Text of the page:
But where of ye, O tempests! is the goal?
Are ye like those within the human breast?
Or do ye find, at length, like eagles, some high nest?

Several commentators have rightly remarked the similarity of the defiant opening to that of the early Malédiction concerto for piano and strings. Although Liszt invented memorable musical representations of many a storm, he was never so relentless and single-minded in his work as in this fine piece, almost a study, in the best sense, and unequalled in its balanced account of grandeur and fury.

Vallée d’Obermann (‘Obermann’s Valley’) is another of Liszt’s finest works, and Liszt himself excused its inclusion in a collection of Swiss impressions by pointing out that the French novel (Senancour’s Obermann) which inspired it was set in Switzerland. The many changes between the two versions of the work (which Liszt also arranged for piano trio in his last years, adding the title Tristia to the final version) are too numerous to detail here: much of the material is similar, if the order of the form is different, but here the added rhetorical gestures pace the work better. The original two-page preface from Senancour is reduced to a dozen lines—‘Que veux-je? Que suis-je? Que demander à la nature? …’ (‘What do I want? What am I? What to ask of nature? …’), and a further nine lines from Childe Harold introduce this powerful piece:

Could I embody and unbosom now
That which is most within me,—could I wreak
My thoughts upon expression, and thus throw
Soul, heart, mind, passions, feelings, strong or weak,
All that I would have sought, and all I seek,
Bear, know, feel, and yet breathe—into one word,
And that one word were Lightning, I would speak;
But as it is, I live and die unheard,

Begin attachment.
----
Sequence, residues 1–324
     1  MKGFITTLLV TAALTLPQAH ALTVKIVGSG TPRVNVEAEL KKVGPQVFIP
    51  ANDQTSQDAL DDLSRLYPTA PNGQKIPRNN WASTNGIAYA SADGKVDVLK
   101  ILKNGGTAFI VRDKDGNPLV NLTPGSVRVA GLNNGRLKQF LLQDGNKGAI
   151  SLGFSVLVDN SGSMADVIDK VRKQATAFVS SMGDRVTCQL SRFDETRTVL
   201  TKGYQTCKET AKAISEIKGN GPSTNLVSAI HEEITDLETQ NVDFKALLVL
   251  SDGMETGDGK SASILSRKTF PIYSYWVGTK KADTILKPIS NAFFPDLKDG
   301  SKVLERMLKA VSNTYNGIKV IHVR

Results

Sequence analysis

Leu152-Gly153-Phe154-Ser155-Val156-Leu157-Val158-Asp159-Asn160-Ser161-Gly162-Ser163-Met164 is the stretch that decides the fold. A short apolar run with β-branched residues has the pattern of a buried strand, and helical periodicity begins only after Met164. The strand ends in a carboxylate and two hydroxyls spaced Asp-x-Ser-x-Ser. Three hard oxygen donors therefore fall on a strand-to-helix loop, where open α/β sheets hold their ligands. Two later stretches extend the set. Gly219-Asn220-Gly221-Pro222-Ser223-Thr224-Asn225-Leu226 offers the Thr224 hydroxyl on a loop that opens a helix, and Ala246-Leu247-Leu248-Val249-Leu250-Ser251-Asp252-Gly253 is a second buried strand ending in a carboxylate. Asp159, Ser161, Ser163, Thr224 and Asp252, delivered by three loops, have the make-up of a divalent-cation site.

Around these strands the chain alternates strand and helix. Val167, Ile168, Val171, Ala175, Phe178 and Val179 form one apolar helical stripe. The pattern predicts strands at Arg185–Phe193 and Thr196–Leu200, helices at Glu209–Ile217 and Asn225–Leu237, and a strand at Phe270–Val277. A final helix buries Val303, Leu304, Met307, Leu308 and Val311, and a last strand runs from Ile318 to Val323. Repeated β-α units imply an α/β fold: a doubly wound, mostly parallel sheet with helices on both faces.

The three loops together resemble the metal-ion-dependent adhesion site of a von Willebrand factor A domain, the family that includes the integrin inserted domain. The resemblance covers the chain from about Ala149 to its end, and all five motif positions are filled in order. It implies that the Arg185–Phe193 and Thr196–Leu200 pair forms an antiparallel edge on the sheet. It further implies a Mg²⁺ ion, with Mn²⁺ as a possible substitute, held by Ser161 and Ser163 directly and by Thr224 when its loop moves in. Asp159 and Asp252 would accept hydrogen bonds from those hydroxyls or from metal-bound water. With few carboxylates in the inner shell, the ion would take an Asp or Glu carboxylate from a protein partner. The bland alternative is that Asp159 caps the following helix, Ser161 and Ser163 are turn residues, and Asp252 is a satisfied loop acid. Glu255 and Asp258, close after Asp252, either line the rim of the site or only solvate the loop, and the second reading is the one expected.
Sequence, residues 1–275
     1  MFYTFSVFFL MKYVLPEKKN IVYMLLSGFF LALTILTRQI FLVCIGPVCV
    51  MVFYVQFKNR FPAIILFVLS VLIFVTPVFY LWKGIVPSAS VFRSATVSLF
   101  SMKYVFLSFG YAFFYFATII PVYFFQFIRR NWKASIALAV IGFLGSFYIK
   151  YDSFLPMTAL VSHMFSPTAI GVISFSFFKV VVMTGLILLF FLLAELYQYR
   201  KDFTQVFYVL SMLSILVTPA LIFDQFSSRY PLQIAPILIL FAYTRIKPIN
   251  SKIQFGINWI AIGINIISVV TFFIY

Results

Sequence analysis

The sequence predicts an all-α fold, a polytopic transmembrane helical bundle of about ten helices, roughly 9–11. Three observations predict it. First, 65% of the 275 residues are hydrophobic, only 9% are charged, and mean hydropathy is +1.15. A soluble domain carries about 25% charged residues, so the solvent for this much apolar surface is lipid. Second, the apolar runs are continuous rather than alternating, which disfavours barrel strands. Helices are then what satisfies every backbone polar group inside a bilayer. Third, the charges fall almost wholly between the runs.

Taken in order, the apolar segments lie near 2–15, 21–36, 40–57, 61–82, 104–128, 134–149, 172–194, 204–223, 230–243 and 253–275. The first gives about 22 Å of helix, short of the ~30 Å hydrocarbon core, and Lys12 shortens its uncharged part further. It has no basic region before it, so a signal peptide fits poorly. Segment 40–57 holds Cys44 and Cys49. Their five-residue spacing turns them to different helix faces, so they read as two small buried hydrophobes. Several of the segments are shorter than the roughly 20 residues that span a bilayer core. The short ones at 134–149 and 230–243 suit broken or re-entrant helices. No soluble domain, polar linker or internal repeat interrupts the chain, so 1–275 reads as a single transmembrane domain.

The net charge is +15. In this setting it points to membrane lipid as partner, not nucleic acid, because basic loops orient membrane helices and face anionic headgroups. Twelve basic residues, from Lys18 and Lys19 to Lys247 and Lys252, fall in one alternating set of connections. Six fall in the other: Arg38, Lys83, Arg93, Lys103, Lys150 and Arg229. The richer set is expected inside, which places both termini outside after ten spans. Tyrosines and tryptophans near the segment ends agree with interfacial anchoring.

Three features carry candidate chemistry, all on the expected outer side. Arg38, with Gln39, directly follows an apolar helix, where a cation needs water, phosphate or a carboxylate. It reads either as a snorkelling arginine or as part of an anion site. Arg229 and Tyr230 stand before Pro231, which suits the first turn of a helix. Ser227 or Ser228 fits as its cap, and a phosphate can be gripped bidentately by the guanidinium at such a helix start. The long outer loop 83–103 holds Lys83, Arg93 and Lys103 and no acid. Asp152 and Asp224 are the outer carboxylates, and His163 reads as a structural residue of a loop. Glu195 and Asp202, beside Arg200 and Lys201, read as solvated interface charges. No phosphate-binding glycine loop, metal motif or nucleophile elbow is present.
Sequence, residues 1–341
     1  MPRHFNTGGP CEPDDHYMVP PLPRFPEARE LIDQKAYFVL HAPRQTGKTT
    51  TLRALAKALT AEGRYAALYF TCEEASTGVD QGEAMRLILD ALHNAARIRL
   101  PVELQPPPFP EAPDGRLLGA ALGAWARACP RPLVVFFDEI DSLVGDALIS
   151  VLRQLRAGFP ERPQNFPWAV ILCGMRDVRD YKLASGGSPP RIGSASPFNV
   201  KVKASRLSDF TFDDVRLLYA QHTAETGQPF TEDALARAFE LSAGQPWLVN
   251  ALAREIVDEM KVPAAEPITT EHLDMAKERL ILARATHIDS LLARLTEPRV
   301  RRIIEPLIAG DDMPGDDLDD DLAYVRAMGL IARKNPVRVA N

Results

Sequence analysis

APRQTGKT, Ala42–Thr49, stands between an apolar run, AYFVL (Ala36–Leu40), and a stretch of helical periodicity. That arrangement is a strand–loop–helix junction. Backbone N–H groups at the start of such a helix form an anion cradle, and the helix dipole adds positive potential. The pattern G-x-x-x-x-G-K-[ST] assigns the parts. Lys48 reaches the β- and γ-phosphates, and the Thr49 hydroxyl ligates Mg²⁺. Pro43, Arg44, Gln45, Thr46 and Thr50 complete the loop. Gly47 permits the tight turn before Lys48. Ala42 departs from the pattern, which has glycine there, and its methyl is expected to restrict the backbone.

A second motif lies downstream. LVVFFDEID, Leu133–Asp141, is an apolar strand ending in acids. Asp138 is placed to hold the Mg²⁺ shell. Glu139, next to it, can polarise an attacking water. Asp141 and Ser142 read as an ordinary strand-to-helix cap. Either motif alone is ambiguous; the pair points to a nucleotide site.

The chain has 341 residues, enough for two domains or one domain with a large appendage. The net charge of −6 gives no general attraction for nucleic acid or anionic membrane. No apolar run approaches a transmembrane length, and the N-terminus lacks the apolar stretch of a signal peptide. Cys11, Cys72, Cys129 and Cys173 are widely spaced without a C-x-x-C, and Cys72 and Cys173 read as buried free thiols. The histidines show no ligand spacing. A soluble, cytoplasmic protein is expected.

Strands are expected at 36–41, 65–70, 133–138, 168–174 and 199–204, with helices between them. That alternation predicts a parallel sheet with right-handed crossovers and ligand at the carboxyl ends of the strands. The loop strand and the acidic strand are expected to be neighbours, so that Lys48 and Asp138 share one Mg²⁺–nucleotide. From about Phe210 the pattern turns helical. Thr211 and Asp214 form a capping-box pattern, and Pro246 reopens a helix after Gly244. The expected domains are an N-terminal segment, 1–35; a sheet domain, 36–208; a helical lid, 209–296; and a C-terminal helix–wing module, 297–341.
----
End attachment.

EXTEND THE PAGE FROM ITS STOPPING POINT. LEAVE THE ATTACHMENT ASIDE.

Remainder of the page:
With a most voiceless thought, sheathing it as a sword.

If the flattery of imitation were anything to go by, then Tchaikovsky certainly admired Vallée d’Obermann sufficiently when he appropriated its main theme for Lensky’s aria in Yevgeny Onegin.

Significantly, the very next stanza of Childe Harold introduces Eglogue:

The morn is up again, the dewy morn,
With breath all incense, and with cheek all bloom,
Laughing the clouds away with playful scorn,
And living as if the earth contain’d no tomb,— …

A more fresh-faced piece of Liszt would be hard to imagine, and its delicate simplicity makes a perfect foil for the previous piece. (Tchaikovsky echoes this work in his well-known Troïka, Opus 37bis/11.)

Le mal du pays (Heimweh) (‘Nostalgia / homesickness’) is a splendid example of Liszt’s ability to make a work sound like a free improvisation whilst subjecting it to quite tight control. The success of this brooding piece is all the more impressive for the varied provenance of its themes: most of the material is adapted from the second of the Fleurs mélodiques, and a further melody is taken from the Fantaisie romantique. The work is prefaced by a vast quotation from the ‘Troisième fragment’ of Senancour’s Obermann: ‘De l’expression romantique, et du ranz des vaches’ (‘on Romantic expression, and the Swiss pastoral melody employed in the calling of the cows’)—‘Le romanesque séduit les imaginations vives et fleuries; le romantique suffit seul aux âmes profondes, la véritable sensibilité …’ (‘The Romanesque attracts those of lively and florid imagination; the Romantic satisfies only profound souls, real sensitivity …’).

Liszt brings the Swiss book of his Années to a balanced conclusion with Les cloches de Genève—Nocturne (‘The Bells of Geneva’), which is based on the first part only of the much longer Les cloches de G***** of the Album d’un voyageur. For some reason, Liszt discarded the greater part of that marvellous meditation, but, in compensation, he added a second section to the revised work, introducing an inspired and uplifting melody, first quietly and then with full-blooded passion, before taking his leave with the return of the distant bells.

from notes by Leslie Howard © 1996

Other albums featuring this work
'Liszt: The complete music for solo piano, Vol. 39 – Première année de pèlerinage' (CDA67026)
Liszt: The complete music for solo piano, Vol. 39 – Première année de pèlerinage
'Liszt: Complete Piano Music' (CDS44501/98)
Liszt: Complete Piano Music
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'Eileen Joyce – The complete Parlophone & Columbia solo recordings' (APR7502)
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'Grigory Ginzburg – His early recordings – 1' (APR5667)
Grigory Ginzburg – His early recordings – 1
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'York Bowen – The complete solo 78-rpm recordings' (APR6007)
York Bowen – The complete solo 78-rpm recordings
MP3 £7.99FLAC £7.99ALAC £7.99 APR6007  for the price of 1 — Download only  
'Liszt: Piano Music' (LISZT1)